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NASM Chapter 4: Exercise Metabolism and Bioenergetics
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Terms in this set (25)
The region of the sarcomere where myosin filaments are predominantly seen with minor overlap of the actin filaments.
Adenosine Diphosphate (ADP)
A high-energy compound occurring in all cells from which adenosine triphosphate (ATP) is formed.
Adenosine Triphosphate (ATP)
Energy storage and transfer unit within the cells of the body.
The breakdown of triglycerides into smaller subunits called free fatty acids (FFAs) to convert FFAs into acyl-CoA molecules, which then are available to enter the Krebs cycle and ultimately lead to the production of additional ATP.
Three main pathways used by the kinetic chain to produce ATP.
The study of energy in the human body.
1. Organic compounds of carbon, hydrogen, and oxygen, which include starches, cellulose, and sugars, and are an important source of energy. All carbohydrates are eventually broken down in the body to glucose, a simple sugar. 2. Neutral compounds of carbon, hydrogen, and oxygen (such as sugars, starches, and celluloses), which make up a large portion of animal foods.
The capacity to do work.
A condition of balance between opposed forces, influences, or actions.
Excess Postexercise Oxygen Consumption (EPOC)
The state in which the body's metabolism is elevated after exercise.
The examination of bioenergetics as it relates to the unique physiologic changes and demands placed on the body during exercise.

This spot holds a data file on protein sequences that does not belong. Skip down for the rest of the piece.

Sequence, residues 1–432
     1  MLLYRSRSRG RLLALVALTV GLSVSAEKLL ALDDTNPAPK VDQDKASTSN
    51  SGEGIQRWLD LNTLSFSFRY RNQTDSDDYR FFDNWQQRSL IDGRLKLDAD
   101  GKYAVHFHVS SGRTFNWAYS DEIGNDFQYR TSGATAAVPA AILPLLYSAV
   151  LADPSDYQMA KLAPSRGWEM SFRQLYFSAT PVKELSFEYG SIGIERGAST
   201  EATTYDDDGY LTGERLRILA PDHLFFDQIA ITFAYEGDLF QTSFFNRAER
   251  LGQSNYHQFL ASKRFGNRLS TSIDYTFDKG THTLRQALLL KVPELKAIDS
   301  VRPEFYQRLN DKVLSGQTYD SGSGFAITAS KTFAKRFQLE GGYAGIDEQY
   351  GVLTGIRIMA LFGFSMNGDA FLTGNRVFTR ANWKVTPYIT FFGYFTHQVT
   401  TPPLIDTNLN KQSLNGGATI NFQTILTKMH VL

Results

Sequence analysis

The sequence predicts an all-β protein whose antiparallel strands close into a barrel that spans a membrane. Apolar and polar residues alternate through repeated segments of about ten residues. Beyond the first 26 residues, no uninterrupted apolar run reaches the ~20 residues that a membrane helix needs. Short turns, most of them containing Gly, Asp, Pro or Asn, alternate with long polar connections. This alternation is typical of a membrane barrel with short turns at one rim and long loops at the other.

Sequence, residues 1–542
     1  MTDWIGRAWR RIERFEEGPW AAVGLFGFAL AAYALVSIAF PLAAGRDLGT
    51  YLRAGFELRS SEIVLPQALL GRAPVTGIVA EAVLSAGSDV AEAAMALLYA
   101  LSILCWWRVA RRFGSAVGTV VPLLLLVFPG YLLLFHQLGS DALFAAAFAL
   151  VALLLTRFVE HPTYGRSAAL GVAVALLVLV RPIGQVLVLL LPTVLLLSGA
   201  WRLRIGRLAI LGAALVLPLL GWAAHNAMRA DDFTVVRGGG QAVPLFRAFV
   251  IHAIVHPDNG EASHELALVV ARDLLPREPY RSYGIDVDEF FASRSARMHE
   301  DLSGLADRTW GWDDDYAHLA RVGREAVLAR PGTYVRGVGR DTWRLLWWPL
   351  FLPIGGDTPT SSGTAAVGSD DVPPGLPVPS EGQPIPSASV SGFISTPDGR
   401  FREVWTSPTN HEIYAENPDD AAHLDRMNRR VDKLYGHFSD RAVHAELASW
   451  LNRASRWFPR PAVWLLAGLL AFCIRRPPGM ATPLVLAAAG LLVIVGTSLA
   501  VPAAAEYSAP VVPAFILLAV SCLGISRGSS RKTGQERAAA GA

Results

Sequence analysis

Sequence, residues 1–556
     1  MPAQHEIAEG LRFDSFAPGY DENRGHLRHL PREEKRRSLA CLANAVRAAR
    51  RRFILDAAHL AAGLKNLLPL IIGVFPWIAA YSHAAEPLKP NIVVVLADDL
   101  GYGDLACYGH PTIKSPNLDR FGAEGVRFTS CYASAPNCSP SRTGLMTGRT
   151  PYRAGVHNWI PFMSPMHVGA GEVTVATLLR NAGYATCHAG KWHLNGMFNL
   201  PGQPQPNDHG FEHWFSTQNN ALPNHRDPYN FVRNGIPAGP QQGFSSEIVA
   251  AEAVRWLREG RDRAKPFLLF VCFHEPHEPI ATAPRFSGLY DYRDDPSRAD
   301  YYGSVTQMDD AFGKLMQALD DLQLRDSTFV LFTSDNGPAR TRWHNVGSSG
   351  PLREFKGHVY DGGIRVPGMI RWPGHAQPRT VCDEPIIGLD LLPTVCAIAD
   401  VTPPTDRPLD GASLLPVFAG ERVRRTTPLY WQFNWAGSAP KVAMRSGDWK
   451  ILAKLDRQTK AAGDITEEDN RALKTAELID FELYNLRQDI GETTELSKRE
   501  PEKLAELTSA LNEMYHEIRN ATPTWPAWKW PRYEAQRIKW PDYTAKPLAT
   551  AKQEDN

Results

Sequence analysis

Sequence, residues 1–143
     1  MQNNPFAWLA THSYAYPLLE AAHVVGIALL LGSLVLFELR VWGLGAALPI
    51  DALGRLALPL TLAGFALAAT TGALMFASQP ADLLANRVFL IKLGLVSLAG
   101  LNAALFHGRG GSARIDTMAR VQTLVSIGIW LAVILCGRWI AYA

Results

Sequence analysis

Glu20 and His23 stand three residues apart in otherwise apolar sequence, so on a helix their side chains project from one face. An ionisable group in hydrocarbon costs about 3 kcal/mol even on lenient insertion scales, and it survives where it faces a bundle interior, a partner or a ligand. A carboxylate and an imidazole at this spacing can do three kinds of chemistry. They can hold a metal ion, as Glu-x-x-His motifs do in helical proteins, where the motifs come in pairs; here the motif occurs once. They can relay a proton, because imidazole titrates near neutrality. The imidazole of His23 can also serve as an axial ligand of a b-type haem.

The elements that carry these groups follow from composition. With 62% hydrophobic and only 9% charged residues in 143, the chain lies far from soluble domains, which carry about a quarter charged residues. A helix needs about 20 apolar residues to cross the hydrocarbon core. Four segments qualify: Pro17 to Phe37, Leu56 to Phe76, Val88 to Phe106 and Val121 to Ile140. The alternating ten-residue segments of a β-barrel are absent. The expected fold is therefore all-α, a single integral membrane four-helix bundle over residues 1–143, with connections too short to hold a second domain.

One of the three main classes of foods and a source of energy in the body. Fats help the body use some vitamins and keep the skin healthy. They also serve as energy stores for the body. In food, there are two types of fats, saturated and unsaturated.
The formation of glucose from noncarbohydrate sources, such as amino acids.
A simple sugar manufactured by the body from carbohydrates, fat, and to a lesser extent protein, which serves as the body's main source of fuel.
The complex carbohydrate molecule used to store carbohydrates in the liver and muscle cells. When carbohydrate energy is needed, glycogen is converted into glucose for use by the muscle cells.
The area of the sarcomere where only myosin filaments are present.
The area of the sarcomere where only actin filaments are present.
The part of a muscle by which it is attached to the part to be moved—compare with origin.
An acid produced by glucose-burning cells when these cells have an insufficient supply of oxygen.
All of the chemical reactions that occur in the body to maintain itself. Metabolism is the process in which nutrients are acquired, transported, used, and disposed of by the body.
Amino acids linked by peptide bonds, which consist of carbon, hydrogen, nitrogen, oxygen, and usually sulfur, and that have several essential biologic compounds.
A byproduct of anaerobic glycolysis.
The material or substance on which an enzyme acts.
The chemical or substrate form in which most fat exists in food as well as in the body
This set is often in folders with...
NASM Chapter 2 The Nervous System
NASM CHAPTER 2: THE ENDOCRINE SYSTEM
NASM CH 2 - Basic Exercise Science
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